Author: Pezaro, Charlotte
Type of paper: Abstract refereed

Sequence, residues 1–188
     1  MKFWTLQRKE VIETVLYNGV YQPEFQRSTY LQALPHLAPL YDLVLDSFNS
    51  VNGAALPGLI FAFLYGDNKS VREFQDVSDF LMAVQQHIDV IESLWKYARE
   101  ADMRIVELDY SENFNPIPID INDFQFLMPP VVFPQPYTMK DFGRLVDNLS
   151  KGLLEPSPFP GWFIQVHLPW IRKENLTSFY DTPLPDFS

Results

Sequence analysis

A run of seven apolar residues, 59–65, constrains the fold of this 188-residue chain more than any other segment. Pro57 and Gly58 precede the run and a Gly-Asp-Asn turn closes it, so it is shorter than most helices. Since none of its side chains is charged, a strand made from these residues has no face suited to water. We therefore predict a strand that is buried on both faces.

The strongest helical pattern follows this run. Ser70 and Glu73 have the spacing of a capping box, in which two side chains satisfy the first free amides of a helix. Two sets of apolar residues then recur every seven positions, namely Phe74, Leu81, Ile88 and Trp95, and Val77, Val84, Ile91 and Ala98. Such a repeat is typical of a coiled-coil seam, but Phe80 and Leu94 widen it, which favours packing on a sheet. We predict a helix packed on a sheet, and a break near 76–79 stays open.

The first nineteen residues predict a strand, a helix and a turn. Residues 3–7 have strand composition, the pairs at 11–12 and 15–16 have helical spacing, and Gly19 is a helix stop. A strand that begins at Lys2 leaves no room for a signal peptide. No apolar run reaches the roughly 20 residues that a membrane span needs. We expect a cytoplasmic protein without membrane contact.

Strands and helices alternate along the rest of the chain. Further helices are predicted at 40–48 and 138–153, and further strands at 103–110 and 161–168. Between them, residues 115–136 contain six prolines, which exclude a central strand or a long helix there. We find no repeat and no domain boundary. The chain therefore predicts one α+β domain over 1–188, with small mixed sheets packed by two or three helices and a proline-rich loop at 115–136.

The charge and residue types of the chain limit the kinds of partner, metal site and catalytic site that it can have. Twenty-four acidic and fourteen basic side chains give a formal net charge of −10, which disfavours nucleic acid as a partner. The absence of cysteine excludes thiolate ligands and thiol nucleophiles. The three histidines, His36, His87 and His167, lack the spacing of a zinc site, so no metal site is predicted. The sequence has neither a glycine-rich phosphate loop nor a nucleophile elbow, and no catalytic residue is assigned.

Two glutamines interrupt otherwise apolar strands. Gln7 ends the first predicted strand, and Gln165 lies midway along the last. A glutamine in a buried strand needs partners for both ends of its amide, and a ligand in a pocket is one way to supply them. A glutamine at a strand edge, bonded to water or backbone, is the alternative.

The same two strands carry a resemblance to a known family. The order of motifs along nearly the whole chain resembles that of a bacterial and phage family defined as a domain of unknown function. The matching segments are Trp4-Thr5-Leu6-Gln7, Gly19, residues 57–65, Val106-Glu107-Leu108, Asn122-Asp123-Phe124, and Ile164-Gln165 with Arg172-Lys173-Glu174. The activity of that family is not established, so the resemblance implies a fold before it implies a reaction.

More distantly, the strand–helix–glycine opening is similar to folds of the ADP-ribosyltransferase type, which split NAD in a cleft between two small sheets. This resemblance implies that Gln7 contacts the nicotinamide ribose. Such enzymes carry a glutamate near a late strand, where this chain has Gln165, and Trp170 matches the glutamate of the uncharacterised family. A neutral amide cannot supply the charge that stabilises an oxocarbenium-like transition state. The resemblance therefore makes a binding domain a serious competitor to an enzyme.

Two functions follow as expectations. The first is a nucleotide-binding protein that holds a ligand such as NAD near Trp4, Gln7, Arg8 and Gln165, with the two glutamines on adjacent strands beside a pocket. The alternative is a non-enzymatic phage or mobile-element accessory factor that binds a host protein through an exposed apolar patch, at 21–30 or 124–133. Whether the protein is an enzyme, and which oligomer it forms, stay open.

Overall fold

For many people, the most significant way in which higher order thinking and reasoning are used is in argumentation. The process of argumentation reveals the beliefs and opinions people hold about important social and scientific issues (Kuhn, 1992), as well as political, economic, professional, and personal ethics and values. Everyday argumentation requires individuals to reason along illative norms, drawing conclusions or making judgments that are based on circumstantial evidence or prior conclusions rather than evidence derived from direct observation of phenomena, or along formal deductive or inductive logics (Legrenzi, Girotto, & Johnson-Laird, 1993). In ways very similar to decision-making, argumentation is constrained by the knowledge, reasoning skills, and cognitive dispositions of the interlocutors engaged in it. Decisions are made within bounds of knowledge and reasoning skills; argumentation serves to support decisions made. The two are interrelated (Johnson-Laird & Shafir, 1993). In the research presented in this symposium, boundaries to decision-making, including reasoning, were observed before and after students experienced one of two types of learning interventions. The findings challenge some of the assumptions about the value of inquiry learning, and suggest that if the goal of any intervention is improved decision-making, such experiences need to be complemented with opportunities to engage meaningfully in argumentation.